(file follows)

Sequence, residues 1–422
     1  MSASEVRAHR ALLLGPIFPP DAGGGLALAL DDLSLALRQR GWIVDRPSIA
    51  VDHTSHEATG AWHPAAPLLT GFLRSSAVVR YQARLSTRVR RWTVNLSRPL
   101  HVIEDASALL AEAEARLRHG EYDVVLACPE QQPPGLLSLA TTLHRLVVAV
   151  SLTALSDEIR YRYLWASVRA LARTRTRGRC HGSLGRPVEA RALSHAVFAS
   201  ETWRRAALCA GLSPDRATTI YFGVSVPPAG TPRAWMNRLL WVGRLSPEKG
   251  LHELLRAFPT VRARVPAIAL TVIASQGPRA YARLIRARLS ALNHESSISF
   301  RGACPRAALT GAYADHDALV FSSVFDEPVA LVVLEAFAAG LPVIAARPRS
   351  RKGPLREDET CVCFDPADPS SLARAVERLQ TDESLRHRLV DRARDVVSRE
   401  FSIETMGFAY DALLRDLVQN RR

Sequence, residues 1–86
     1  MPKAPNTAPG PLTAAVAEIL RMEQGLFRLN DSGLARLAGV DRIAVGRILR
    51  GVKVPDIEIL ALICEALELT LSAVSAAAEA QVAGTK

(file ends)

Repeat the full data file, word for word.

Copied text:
Sequence, residues 1–422
     1  MSASEVRAHR ALLLGPIFPP DAGGGLALAL DDLSLALRQR GWIVDRPSIA
    51  VDHTSHEATG AWHPAAPLLT GFLRSSAVVR YQARLSTRVR RWTVNLSRPL
   101  HVIEDASALL AEAEARLRHG EYDVVLACPE QQPPGLLSLA TTLHRLVVAV
   151  SLTALSDEIR YRYLWASVRA LARTRTRGRC HGSLGRPVEA RALSHAVFAS
   201  ETWRRAALCA GLSPDRATTI YFGVSVPPAG TPRAWMNRLL WVGRLSPEKG
   251  LHELLRAFPT VRARVPAIAL TVIASQGPRA YARLIRARLS ALNHESSISF
   301  RGACPRAALT GAYADHDALV FSSVFDEPVA LVVLEAFAAG LPVIAARPRS
   351  RKGPLREDET CVCFDPADPS SLARAVERLQ TDESLRHRLV DRARDVVSRE
   401  FSIETMGFAY DALLRDLVQN RR

Sequence, residues 1–86
     1  MPKAPNTAPG PLTAAVAEIL RMEQGLFRLN DSGLARLAGV DRIAVGRILR
    51  GVKVPDIEIL ALICEALELT LSAVSAAAEA QVAGTK